Drones Offer Ability to Find, ID and Count Marine Megafauna

Enie Hensel with a drone at a research site in The Bahamas. Photo credit: Duncan Brake.

New research from North Carolina State University demonstrates that consumer-grade drones are effective tools for monitoring marine species across multiple sites in the wild. The work shows that the technology can be a valuable platform for scientists and conservationists interested in studying populations of sharks, rays, sea turtles and other marine megafauna.

Former NC State undergrad Stephanie Wenclawski positions decoy sharks at a study site. Photo credit: Enie Hensel.

“We found that drones can be used to count and make species-level identifications of marine species, particularly in shallow marine environments,” says Enie Hensel, a Ph.D. candidate at NC State and first author of a paper on the work.

“Demonstrating the viability of drones for this work matters, because these are inexpensive tools for collecting accurate abundance estimates,” Hensel says. “And those estimates are important for both informing the development of conservation efforts and for assessing the effectiveness of those efforts.

“Drone surveys are also a good way to monitor shallow water, megafauna species because they are not intrusive,” Hensel says. “More traditional monitoring methods – such as boat surveys or gill nets – are more invasive, and have the potential to harm individuals or alter their movement patterns.”

Previous studies using drones to monitor marine species have focused on single sites. The recent work from NC State evaluated multiple sites, demonstrating that drones can be used to assess environmental variables that may be responsible for population differences between locations. For example, drones may be used to help target conservation efforts on sites that have the most value in terms of supporting specific species.

The researchers also showed that drones are effective at sites with varying degrees of water clarity.

To assess the effectiveness of the drones, researchers placed fake sharks underwater at two sites with different water clarity. Drone footage allowed researchers to identify all of the decoys at both sites.

“We chose grey shark decoys because they would be the most difficult to spot in these environments, but we were able to spot them all,” Hensel says.

In field testing, researchers were also able to make species-level identifications of lemon, nurse and bonnethead sharks, as well as southern stingrays and spotted eagle rays. The drone footage also allowed researchers to identify sea turtles, though they had difficulty differentiating between hawksbill and green sea turtles.

“One reason we chose these sites, all of which were on Great Abaco Island in The Bahamas, was because The Bahamas are interested in using several of the sites as a pilot for a managed conservation effort,” Hensel says. “Our surveys provide baseline data for marine megafauna abundances within these newly established parks and we show that drones offer a new management tool for the park service of The Bahamas. And, of course, the technology certainly opens doors for us to explore a range of conservation issues.”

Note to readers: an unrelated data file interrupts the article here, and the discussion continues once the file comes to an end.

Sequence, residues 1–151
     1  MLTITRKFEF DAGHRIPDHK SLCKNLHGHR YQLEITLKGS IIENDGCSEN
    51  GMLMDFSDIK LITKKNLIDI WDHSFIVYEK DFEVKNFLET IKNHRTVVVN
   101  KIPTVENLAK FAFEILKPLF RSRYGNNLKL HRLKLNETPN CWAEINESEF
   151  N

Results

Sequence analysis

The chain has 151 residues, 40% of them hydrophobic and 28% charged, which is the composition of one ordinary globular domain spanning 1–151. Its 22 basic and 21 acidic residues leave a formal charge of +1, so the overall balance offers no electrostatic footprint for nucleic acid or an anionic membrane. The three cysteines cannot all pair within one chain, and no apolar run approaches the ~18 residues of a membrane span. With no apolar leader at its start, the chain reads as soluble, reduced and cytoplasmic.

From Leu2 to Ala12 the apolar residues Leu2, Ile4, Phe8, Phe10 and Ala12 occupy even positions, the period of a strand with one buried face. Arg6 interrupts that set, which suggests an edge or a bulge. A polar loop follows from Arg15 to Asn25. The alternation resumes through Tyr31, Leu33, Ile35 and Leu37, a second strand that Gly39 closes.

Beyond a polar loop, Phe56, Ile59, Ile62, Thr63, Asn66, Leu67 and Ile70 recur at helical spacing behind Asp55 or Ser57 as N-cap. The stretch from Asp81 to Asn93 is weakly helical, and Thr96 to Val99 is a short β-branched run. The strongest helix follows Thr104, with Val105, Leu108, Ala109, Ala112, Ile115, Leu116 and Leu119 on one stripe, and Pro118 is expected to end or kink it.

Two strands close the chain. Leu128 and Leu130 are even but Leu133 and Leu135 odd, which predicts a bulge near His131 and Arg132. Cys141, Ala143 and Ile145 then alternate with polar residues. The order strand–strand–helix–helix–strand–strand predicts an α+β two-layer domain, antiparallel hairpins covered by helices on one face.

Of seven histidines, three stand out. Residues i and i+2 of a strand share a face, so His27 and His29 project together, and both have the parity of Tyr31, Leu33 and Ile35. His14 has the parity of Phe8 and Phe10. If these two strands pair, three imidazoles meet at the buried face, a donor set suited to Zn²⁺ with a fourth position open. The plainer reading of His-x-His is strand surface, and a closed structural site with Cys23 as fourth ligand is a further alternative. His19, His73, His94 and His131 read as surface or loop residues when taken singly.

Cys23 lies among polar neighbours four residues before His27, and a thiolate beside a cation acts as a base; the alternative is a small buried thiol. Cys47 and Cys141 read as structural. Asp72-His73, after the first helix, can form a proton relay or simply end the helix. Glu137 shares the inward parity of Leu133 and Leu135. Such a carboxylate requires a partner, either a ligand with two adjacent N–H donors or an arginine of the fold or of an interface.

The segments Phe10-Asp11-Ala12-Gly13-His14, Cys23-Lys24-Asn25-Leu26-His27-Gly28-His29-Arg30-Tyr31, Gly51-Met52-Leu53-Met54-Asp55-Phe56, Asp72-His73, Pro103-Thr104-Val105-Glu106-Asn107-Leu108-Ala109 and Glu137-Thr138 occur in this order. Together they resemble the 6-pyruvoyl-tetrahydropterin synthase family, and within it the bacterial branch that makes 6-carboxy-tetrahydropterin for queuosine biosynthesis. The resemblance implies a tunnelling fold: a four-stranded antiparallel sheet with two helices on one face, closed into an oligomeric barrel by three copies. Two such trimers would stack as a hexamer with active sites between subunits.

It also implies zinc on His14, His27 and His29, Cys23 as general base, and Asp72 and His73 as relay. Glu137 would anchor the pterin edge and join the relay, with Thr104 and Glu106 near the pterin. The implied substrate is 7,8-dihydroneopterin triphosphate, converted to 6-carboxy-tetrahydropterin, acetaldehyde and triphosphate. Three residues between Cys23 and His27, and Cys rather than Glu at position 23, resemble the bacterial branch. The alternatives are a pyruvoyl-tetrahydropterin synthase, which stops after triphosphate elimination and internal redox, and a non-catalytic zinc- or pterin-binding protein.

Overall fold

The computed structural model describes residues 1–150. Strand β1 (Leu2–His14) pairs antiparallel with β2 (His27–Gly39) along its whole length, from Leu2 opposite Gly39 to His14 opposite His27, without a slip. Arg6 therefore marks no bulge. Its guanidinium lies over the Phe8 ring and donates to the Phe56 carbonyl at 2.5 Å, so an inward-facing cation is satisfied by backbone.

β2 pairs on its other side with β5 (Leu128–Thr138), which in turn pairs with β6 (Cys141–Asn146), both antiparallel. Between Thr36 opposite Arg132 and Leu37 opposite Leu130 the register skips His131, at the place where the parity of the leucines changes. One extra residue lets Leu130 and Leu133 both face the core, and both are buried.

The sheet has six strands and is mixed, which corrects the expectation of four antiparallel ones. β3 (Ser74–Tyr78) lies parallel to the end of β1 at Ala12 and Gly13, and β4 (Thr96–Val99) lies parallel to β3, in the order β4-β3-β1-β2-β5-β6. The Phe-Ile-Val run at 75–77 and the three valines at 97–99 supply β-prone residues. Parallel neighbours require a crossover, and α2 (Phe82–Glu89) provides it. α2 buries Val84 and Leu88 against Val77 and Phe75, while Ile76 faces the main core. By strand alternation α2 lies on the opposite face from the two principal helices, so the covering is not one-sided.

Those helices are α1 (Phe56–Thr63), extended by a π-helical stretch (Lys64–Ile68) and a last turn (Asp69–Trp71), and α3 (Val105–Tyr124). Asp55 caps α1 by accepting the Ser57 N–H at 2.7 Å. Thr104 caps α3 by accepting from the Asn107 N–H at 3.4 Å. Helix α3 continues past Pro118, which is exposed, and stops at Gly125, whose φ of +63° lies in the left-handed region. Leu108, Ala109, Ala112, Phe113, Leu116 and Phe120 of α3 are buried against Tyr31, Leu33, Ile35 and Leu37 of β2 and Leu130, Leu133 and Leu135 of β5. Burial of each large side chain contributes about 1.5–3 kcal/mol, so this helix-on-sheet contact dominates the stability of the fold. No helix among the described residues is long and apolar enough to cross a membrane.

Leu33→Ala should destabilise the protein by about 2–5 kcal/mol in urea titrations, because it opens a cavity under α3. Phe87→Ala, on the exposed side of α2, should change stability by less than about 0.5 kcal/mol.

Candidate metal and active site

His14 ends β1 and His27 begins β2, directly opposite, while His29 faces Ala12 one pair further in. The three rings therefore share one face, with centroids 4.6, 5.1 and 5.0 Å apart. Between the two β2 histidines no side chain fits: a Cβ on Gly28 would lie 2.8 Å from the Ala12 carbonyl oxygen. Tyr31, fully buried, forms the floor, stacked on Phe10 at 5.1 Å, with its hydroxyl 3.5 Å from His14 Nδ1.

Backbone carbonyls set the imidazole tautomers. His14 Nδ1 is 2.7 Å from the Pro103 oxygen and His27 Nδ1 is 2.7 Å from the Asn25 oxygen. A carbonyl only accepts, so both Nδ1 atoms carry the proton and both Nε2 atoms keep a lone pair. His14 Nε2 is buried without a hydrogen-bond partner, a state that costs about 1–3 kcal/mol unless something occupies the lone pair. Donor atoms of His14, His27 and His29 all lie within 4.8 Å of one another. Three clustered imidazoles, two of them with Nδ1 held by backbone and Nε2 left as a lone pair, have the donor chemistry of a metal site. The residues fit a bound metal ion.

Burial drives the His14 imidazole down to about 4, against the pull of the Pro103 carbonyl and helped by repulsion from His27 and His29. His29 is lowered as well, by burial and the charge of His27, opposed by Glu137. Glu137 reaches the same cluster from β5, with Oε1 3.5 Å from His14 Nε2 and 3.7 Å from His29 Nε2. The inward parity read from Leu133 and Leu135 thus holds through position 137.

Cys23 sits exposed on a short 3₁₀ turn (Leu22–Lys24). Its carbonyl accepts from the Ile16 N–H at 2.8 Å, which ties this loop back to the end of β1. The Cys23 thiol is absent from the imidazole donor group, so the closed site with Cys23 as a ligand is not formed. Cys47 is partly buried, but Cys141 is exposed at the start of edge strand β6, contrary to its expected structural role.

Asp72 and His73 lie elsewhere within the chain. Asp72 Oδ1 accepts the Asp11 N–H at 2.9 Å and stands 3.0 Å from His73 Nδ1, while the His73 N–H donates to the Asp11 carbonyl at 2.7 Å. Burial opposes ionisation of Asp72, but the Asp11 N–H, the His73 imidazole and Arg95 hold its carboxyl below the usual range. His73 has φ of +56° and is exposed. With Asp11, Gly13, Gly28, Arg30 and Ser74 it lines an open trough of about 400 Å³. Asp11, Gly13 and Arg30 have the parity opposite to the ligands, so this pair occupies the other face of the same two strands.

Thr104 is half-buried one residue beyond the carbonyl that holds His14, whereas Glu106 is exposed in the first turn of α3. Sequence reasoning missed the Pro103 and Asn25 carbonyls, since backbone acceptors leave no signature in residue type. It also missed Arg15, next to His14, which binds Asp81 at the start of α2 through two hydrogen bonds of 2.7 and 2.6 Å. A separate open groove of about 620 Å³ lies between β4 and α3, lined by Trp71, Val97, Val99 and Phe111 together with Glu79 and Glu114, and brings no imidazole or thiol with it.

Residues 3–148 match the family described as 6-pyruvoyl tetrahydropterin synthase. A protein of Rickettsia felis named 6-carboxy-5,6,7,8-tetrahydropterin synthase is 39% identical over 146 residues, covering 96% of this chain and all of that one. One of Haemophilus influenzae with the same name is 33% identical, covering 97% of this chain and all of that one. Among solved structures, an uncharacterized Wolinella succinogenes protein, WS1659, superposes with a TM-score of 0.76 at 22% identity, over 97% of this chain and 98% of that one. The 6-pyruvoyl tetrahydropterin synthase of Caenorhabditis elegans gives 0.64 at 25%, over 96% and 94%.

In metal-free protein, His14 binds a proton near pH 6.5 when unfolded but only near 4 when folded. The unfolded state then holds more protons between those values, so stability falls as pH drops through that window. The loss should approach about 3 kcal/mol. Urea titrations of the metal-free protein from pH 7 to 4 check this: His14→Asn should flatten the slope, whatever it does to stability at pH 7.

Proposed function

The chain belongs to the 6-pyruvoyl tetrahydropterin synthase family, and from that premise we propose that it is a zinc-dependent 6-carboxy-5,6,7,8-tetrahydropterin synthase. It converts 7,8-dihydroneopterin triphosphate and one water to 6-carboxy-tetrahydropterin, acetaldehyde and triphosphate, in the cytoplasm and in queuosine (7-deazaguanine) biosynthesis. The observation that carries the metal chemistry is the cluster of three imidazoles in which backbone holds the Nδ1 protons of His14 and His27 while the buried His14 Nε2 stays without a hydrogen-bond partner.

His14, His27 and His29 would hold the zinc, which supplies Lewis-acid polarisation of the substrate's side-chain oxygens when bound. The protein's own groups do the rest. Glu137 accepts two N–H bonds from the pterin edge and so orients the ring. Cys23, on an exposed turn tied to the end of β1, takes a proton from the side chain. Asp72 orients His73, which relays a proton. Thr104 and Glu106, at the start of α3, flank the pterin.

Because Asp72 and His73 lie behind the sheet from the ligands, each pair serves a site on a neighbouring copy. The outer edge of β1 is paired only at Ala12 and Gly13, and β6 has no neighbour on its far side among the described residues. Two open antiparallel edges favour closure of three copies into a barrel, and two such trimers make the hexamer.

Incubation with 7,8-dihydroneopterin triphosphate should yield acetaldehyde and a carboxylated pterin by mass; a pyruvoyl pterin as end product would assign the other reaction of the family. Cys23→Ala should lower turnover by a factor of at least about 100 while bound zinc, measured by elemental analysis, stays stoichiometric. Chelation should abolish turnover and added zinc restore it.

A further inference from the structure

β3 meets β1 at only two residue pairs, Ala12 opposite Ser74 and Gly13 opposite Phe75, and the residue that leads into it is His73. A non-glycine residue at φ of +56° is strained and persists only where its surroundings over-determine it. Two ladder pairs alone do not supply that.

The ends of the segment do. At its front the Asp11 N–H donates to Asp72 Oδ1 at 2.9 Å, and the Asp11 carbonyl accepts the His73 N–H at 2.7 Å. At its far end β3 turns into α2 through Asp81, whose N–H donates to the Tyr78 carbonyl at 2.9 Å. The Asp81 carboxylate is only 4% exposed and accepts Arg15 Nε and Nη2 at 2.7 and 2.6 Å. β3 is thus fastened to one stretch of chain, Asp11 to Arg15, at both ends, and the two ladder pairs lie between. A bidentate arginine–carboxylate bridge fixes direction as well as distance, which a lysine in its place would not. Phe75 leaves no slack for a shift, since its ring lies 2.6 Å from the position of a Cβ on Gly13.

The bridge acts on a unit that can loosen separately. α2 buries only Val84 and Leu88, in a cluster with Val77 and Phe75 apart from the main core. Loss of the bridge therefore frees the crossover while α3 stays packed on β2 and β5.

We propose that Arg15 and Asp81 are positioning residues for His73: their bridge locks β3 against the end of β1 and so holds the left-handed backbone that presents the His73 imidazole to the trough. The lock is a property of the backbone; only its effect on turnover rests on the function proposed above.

The paper, “Using a small, consumer-grade drone to identify and count marine megafauna in shallow habitats,” is published in the Latin American Journal of Aquatic Research. The paper was co-authored by Stephanie Wenclawski, a former undergraduate at NC State; and Craig Layman, a professor of applied ecology at NC State. The work was made possible by support from the Save Our Seas Foundation.

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Note to Editors: The study abstract follows.

“Using a small, consumer-grade drone to identify and count marine megafauna in shallow habitats”

Authors: Enie Hensel, Stephanie Wenclawski and Craig A. Layman, North Carolina State University

Published: November 2018, Latin American Journal of Aquatic Research

Abstract: Large-bodied animals, megafauna, are disproportionately threatened and yet, remain relatively difficult to monitor. This is particularly true in the ocean. Consumer-grade drones have high definition imagery and offer a non-invasive way to monitor a subset of marine megafauna, especially those species that spend part of their life near the water’s surface. However, a key question is the extent to which drone imagery data offer reliable abundance estimates due to potential detection restraints, and the ability to compare data from different locations. Here we tested the efficacy of a quadcopter drone to collect megafauna abundance data in multiple shallow-water habitats in the realistic background variation of shoreline development. On Great Abaco Island, The Bahamas we repeated drone surveys in nearshore habitats from June to August 2015 at three paired high and low human population sites. We tested the drone’s detection probability using decoy organisms, and found no effect of water quality or benthic characteristics on detectability. In short, the drones appear to work to monitor these species. We also noted patterns in the occupancy of the species on which we focused. We observed three shark, two ray, and two sea turtle species, finding higher abundances of all species in our low human population sites compared to high human population sites. Our results highlight the ability of consumer-grade drones to estimate the abundance and distribution of large-bodied elasmobranchs and sea turtles in shallow water habitats. Further, our study supports their capability to evaluate issues related to conservation and management of nearshore ecosystems.